Memo to moderators of new confessions page: Beef up your standards or risk doing real harm

January 28, 2019 — by Jeffrey Ma and Alex Wang

Headlining the Facebook page, saratoga hs confessions, is a Google form with the enticing caption “spill your darkest secrets.” The anonymous form is the way in which more than 1,550 posts have been put on the page as of February.

The page started in early January, and more than 100 posts are coming in daily, ranging from fairly innocuous posts like "P Rob is an amazing person" to objectifying posts like “hot lists” and those about others’ relationships to serious posts regarding topics like depression, suicide and sexual assault.

With the sudden buzz around such a novelty arises questions of the page’s potential harms — perhaps the page is more unhealthy and damaging than its innocuous first impression. While the page offers a safe space to anonymously comment about school issues, it has severe potential downsides. The biggest of these is its seeming lack of moderation; some posts are simply inappropriate, whereas others can’t be contained by just an anonymous submission page, demanding greater actions outside of a mere Facebook post.

Due to the anonymity of the confessions, more students are willing to air secrets that they would otherwise keep to themselves. Although posts regarding depression, suicide and sexual assault may be cathartic for their authors, helping them get something off their chest and release pent-up anxieties and emotions, their audiences should be specialists like those in CASSY and not high schoolers whose comments may be sympathetic but not much else.

While those types of posts may still have some degree of benefit for students’ mental health, many other posts are simply demeaning and perhaps cause emotional stress. Some confessions critique others’ personalities or relationships, using the descriptors like “toxic” and “fake.” However, the biggest culprits in this category are those that list initials of students who the author usually describe as “hot” or “going to get into a good college.”

Among all of these potentially damaging posts, the common moderation issue involves the usage of initials. The process is counterproductive in protecting the identities of the subjects of these posts. Not only are the identities easily guessed at through initials, they also draw more attention to the person in question as people flurry to figure them out, sometimes implicating a wrong person in the process.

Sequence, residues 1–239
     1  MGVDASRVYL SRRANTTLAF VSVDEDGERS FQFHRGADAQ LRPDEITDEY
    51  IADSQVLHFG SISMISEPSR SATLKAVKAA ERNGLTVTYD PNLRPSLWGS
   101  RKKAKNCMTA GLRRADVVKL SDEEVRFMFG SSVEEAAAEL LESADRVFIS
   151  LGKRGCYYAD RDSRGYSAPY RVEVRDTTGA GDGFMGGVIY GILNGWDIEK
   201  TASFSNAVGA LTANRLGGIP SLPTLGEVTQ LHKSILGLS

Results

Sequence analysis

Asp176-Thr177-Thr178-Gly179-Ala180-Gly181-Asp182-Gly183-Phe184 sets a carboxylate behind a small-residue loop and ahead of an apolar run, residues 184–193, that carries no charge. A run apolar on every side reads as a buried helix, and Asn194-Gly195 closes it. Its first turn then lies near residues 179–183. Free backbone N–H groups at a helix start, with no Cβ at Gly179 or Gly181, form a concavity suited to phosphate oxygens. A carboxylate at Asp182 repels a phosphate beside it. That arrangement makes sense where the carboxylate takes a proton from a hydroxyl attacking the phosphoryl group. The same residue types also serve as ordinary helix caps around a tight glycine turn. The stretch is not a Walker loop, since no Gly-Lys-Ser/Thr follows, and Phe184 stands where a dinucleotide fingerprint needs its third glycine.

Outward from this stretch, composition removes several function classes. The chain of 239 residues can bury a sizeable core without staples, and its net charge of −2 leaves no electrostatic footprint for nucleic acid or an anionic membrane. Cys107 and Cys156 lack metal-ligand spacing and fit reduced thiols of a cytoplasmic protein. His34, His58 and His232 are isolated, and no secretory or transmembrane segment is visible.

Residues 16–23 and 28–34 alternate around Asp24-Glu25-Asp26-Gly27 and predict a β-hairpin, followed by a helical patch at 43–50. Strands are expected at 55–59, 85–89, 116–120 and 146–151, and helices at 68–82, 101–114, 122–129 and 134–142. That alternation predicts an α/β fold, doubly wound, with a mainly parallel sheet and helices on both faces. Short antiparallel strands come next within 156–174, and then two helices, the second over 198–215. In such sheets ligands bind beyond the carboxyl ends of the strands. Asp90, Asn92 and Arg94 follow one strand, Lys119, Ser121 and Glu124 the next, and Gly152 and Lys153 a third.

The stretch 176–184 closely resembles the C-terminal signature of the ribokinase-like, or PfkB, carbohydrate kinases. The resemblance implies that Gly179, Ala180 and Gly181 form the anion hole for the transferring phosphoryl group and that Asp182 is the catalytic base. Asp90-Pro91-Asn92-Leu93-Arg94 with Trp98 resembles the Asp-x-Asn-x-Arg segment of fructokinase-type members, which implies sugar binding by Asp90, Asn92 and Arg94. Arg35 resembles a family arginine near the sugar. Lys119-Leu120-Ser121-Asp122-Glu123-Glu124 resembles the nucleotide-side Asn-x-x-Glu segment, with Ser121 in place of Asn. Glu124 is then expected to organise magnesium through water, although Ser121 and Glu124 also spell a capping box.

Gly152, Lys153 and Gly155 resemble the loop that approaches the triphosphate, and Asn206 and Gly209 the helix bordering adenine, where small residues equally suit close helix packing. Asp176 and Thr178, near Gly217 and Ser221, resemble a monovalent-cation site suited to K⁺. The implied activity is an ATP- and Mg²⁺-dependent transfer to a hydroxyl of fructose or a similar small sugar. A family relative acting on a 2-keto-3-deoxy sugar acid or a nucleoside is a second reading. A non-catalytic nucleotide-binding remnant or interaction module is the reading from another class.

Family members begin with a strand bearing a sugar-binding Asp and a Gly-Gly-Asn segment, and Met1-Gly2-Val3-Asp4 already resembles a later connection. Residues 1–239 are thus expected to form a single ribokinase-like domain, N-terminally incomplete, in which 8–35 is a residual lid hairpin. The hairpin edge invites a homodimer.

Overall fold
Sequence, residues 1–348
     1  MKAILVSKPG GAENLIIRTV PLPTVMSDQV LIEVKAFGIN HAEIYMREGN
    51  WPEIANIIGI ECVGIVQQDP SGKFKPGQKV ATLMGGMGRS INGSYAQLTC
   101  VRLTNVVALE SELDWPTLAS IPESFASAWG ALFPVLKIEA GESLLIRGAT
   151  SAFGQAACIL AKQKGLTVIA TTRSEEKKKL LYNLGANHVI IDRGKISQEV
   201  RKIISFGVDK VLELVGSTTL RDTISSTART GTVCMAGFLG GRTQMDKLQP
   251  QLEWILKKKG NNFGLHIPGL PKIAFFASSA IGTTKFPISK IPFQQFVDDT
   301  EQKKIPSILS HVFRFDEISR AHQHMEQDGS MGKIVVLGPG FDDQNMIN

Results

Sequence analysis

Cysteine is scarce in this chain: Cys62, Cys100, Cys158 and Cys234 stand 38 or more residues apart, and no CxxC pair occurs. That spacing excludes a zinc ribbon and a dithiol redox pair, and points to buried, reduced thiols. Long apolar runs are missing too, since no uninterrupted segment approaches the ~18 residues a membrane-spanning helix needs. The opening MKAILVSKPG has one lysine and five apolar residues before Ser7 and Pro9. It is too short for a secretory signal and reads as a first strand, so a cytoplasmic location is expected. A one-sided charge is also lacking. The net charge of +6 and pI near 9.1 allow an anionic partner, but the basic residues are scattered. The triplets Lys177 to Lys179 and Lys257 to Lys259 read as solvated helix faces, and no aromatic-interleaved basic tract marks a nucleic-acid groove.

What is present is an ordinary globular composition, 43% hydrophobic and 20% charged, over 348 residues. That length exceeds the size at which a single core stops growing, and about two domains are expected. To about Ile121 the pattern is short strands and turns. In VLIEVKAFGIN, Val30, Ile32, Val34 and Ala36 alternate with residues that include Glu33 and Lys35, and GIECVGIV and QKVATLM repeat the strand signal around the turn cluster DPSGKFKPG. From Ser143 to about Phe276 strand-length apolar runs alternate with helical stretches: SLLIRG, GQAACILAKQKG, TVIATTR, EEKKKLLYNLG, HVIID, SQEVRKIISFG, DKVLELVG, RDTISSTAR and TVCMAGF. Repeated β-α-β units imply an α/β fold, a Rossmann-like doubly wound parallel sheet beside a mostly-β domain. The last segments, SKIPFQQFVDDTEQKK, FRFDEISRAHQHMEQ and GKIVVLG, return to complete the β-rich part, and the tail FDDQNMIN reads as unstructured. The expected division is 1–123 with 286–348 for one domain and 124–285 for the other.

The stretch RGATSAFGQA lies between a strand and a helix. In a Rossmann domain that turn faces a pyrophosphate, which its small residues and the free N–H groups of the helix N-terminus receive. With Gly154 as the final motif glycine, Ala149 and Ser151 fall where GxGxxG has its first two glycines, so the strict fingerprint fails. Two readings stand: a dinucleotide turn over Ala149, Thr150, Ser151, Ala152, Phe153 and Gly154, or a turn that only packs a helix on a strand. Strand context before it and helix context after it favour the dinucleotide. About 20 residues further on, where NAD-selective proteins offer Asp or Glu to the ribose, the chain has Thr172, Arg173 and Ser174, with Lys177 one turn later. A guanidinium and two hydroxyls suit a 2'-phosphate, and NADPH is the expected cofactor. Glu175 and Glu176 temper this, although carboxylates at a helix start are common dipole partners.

Moreover, negatively calling out people’s relationships will undoubtedly hurt people’s feelings and is harmful to their mental health, the opposite of what the page’s intended purpose may have been. Similarly, those who see numerous lists of other students deemed attractive but are not included in these lists can feel left out and look negatively on themselves, leading to a decrease in self-esteem.

In the most extreme sense, some of the especially targeted posts can be considered a form of cyberbullying, defined by the school as “unwanted conduct that takes place over time and that comprises a series of incidents that are severe, pervasive and involve negative actions.” This behavior is unacceptable.

To address these issues, moderation over prospective submissions need to be both stricter and more transparent. Guidelines need to be set and promulgated to ensure that moderators are not deciding subjectively.

Despite these problematic aspects, the confessions page does have some positives. In response to posts about poor mental health and personal struggles, the student community has been overwhelmingly encouraging with support and advice. Many of these confessions may also create a sense of reliability and prompt students to seek help for their problems.

Wholesome posts are no small minority on the page, complementing the successes and positivity of students on campus. These posts foster an environment of positivity, but it’s important to remember that these compliments can be made in real life, too.

So what should be done? Moderators and students alike should turn to addressing issues plaguing the page: Those with serious personal struggles should instead turn to professional help like CASSY; hurtful posts should be eliminated by the moderators; and, above all, the moderators should enact guidelines for the posting of confessions that are clear and focus on the positive usages of the page.

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